Who Will Chair Economic Development?
Almost D.C. Council Chairman Kwame Brown is currently meeting with some councilmembers to discuss committee assignments. Though we'll probably know who is going where soon enough, why not engage in some wild speculation while we wait?
As you may have heard, Brown surprised a lot of people (and disappointed at least one councilmember) this morning by announcing he'll be continuing in the footsteps of Almost Mayor Vince Gray and keeping education as the subject of the Committee of the Whole. That means that Brown's own committee, economic development, is up for grabs.
At-Large Councilmember Michael Brown has expressed interest, though the thinking in parts of the Wilson Building is that K. Brown would not want to give a potential opponent in an upcoming mayoral election such a plum assignment. (The counter argument to that idea is that chairing the economic development committee isn't that much of a shot in the arm politically, and it's not like Michael Brown doesn't already know the developers worth knowing when it comes to raising money.)
So if it's not M. Brown, then who? Ward 8 Councilmember Marion Barry needs a committee, but LL doesn't see him getting economic development.
In hushed tones, LL heard from a couple of people that Ward 5 Councilmember Harry Thomas Jr. might be the lucky one getting economic development. Thomas, who currently heads the Committee on Parks, Recreation and Libraries, probably wouldn't mind the upgrade. But he does get the gig, K. Brown better hope the Team Thomas saga doesn't escalate into something really embarrassing. Just today, Thomas pushed for a $625,000 payment to the Rhode Island Avenue Metro LLC mixed-use development. If that name rings a bell, it's because that's one of the developers the Post editorial page has reported donated to the councilmember's sports youth non-profit, which has been described by political opponents as a slush fund. Thomas says he's done nothing wrong.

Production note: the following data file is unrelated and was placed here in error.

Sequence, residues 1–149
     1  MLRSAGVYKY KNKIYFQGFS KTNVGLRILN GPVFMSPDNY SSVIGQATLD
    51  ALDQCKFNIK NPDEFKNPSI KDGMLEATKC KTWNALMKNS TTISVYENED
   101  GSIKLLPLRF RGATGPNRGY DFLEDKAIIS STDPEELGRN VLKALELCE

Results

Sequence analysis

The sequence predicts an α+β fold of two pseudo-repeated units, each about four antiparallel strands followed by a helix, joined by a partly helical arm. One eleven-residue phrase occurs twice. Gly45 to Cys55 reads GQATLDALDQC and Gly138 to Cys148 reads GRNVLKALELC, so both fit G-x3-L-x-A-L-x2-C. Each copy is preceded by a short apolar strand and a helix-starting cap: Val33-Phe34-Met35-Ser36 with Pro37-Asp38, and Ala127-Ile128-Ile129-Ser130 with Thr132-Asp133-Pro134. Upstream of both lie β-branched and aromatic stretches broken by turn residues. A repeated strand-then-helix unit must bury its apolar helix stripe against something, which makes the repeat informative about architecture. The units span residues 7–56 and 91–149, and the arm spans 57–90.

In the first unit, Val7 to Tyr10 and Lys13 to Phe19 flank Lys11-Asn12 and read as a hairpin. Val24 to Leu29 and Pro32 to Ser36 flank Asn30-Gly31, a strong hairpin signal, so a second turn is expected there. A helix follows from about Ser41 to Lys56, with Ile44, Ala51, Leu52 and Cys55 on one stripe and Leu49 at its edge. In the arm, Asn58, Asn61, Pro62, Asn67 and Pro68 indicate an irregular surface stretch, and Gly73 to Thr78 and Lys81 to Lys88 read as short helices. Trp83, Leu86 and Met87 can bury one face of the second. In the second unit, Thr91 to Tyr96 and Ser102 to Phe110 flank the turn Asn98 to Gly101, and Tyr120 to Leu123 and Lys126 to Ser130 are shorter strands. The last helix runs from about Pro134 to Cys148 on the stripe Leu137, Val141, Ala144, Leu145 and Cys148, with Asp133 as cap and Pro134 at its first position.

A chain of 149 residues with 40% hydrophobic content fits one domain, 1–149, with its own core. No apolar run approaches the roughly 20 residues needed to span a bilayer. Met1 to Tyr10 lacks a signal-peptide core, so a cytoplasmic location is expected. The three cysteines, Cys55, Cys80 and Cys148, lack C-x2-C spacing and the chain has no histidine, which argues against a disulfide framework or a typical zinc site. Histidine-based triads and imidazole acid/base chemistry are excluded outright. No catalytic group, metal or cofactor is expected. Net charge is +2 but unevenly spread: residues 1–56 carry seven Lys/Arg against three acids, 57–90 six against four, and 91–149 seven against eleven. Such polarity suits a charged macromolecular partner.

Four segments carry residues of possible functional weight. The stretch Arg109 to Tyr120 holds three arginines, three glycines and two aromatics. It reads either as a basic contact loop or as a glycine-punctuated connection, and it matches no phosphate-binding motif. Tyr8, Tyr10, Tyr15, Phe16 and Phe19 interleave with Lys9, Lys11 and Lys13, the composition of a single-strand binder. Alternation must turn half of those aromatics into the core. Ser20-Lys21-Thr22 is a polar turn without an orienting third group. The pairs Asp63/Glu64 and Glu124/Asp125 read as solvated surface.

Councilmember David Catania lashed out at Thomas today, though not by name, following the hearing. "Today, District taxpayers were subjected to a grab bag of budget gimmicks and giveaways that have prompted me to cast the first vote against a District budget in my 13 years on the Council,” Catania said in a statement issued by his office. "What I witnessed today was a total embarrassment to the notion of responsible budgeting. It was very disheartening.”
Catania's office sent out the e-mail with the document name set as "Tone: Unapologetic." Here's what it says on the Rhode Island money:
"The payment to Rhode Island Avenue Metro, LLC, constituted a payout on top of the $8.2 million in public assistance for a development project on Rhode Island Avenue, NE. Catania said that he believed it set a dangerous precedent to backfill developers’ coffers when publicly supported development projects incur higher costs. He further noted that District taxpayers received nothing—no ownership interest and no additional public benefit—their payment to the developer."
LL's asked for a response from Thomas' office and will update as needed.